The Uber-Lyft battle pits SoftBank against Rakuten in Japan

The rivalry between ride-hailing giants Uber and Lyft is poised to heat up in 2019 as both prepare to hit the public markets.

But the battle may be more intense in Japan than the U.S.

That’s because while the two competitors are located just a couple miles apart in San Francisco, the biggest shareholder in each company is based in Tokyo.

According to Lyft’s IPO prospectus filed on Friday, e-commerce and internet conglomerate Rakuten owns 13 percent of the company. SoftBank, led by Masayoshi Son, acquired about 15 percent of Uber last year.

Uber and Lyft have been at the center of a capital-raising bonanza in technology over the past half-decade, with venture firms, private equity shops, hedge funds and multinational corporations pouring in billions of dollars to fund massive growth efforts before the recipients were ready or willing to go public.

“We have seen the future and this is it,” Rakuten founder and CEO Hiroshi Mikitani, now 53, said in the 2015 press release announcing a $300 million investment in Lyft. “We believe businesses like Lyft that unlock the latent potential that exists in people and society hold the key to the future.”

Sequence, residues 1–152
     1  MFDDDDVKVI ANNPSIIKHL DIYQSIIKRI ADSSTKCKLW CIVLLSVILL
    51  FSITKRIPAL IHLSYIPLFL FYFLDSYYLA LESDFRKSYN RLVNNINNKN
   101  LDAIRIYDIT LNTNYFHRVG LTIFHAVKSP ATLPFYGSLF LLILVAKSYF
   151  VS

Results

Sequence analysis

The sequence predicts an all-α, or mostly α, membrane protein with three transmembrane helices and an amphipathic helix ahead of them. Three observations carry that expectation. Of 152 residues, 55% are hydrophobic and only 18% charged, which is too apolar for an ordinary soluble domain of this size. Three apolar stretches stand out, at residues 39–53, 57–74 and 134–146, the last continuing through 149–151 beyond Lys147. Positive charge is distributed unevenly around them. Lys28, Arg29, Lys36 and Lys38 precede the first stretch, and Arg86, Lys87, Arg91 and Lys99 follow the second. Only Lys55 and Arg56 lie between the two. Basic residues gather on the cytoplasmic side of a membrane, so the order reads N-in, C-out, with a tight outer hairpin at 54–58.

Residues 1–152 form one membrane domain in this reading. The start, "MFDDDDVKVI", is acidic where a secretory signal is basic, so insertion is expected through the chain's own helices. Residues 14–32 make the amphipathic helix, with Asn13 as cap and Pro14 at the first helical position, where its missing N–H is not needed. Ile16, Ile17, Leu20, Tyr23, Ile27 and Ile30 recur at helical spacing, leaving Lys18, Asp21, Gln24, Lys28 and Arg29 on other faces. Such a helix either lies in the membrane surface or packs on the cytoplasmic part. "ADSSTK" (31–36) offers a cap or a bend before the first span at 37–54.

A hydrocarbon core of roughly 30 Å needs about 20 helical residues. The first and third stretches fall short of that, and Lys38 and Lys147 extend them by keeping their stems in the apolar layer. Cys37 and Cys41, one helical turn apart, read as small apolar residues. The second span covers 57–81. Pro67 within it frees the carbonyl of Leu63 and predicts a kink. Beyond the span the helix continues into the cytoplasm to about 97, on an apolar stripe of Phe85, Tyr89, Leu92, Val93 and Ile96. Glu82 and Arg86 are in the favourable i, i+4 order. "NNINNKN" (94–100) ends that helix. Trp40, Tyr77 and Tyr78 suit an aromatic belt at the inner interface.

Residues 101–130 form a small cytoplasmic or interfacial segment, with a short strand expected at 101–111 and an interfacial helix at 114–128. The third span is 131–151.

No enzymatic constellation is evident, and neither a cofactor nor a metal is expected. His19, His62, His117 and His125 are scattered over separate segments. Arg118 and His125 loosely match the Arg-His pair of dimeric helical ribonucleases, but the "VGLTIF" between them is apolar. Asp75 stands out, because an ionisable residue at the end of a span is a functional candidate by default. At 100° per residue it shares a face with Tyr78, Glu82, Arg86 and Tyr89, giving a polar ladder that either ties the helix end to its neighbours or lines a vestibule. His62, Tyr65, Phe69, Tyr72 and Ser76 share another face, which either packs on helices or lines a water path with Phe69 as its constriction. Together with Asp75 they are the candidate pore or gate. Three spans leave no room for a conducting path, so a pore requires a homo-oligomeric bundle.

Mikitani, who goes by “Mickey,” didn’t know that he’d soon be going up against countryman and fellow billionaire Son, who goes by “Masa,” in the burgeoning ride-hailing market. Son is currently the third-wealthiest person in Japan, with a net worth of $17.1 billion, while Mikitani is sixth at $4.86 billion, according to the Bloomberg Billionaires Index.

Son has the much bigger profile since he launched the $100 billion Vision Fund in 2017 with a promise to pour hundreds of millions, and sometimes $1 billion or more, into tech companies, trying to pick the winners in what he expects to be gargantuan categories.

But in the Uber-Lyft rivalry, Mikitani is taking a more hands-on approach.

SoftBank was given two Uber board seats with its investment, but Son isn’t going to be one of the directors. Mikitani has been on Lyft’s board ever since his investment four years ago. He was selected because of “his extensive operating and management experience with major technology companies,” the prospectus says. Mikitani is a close adviser to the company and shared the stage at a company conference last year with Lyft co-founder John Zimmer.

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